“I was immediately blown away by his creation out of a few lines I gave him. He certainly can be seen to be the driving force behind the concept from that point on. He also suggested coming up with a booklet containing artwork for each and every individual song, and the same thing happened again. I gave him ideas about particular situations in the storyboards of the lyrics which I felt had the most potential in artwork form, and he then immediately would set out and always surprise me and amaze me with his ability to bring my ideas to visual life.”
The digipack edition of the record includes a cover interpretation of ‘You’re The Voice’, originally performed by John Farnham. “There were many reasons we decided to cover that song,” Hansi discloses. “One, certainly based on our past as metalheads and the experience we felt in the late 80s when this song finally changed our minds about mainstream rock music. We really loved the song, and were completely blown away and this sensation never really disappeared from any of the members. The chorus somehow speaks a certain Blind Guardian language I would say even, because it has that singalong quality. It was a very obvious choice for us, but when we started working on the song we didn’t think we’d have so many problems transforming the song into a proper Blind Guardian version. Of course, John Farnham is one of the best vocalists ever. This was enough motivation for me.”
“I think we’ve given justice to the original which is a very strong song and very well arranged,” he continues. “I also think we have paid tribute to Blind Guardian because it definitely does speak in a strong Blind Guardian language due to some more modern elements. We have delivered a fitting version for the new millennium, and I would say we have definitely given it a massive frame due to the great work of the rhythm guitars and the drums.”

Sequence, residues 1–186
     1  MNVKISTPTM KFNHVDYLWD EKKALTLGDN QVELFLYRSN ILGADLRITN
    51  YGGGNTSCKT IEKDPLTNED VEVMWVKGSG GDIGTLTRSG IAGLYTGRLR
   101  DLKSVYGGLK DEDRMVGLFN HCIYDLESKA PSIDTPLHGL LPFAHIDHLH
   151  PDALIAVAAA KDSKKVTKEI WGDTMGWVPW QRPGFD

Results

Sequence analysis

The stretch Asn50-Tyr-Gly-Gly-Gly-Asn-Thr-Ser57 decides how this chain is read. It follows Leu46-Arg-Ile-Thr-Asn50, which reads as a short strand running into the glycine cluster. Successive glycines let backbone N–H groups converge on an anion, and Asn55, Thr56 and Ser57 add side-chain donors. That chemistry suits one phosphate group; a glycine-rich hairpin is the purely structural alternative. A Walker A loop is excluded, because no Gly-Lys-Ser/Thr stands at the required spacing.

Collaborating with Iced Earth mainman Jon Schaffer, as a part of Demons And Wizards Hansi issued a self-titled album (February 2000, SPV) and Touched By The Crimson King (June 2005, Warner). “It is unfortunately on hold,” the Blind Guardian co-founder affirms regarding the side project’s status. “Jon and I have spoken about it several times, so it’s not an off topic. I definitely would say we’re going to work on a third album. The question would be when the time would be right to do so. I hope that we might find the time within the next three years to songwrite so we could possibly release a third Demons & Wizards album in the year 2013. That would be my goal.”
“So far, I would say we have been a very lucky and very successful band,” the frontman says of Blind Guardian’s fortunes. “We’ve done some great music I would say, but you never know what to expect because the market in this scene is changing quickly day by day. I would say as long as we’re committed to music and we’re able to deliver passion throughout our music, we will be a constant part of the metal scene for the next ten to 20 years.”
At The Edge Of Time was released on July 29th, 2010 in Russia, on the 30th in Europe, on August 24th in the United States and in Japan on the 28th, all through Nuclear Blast Records.
Interview published in August 2010.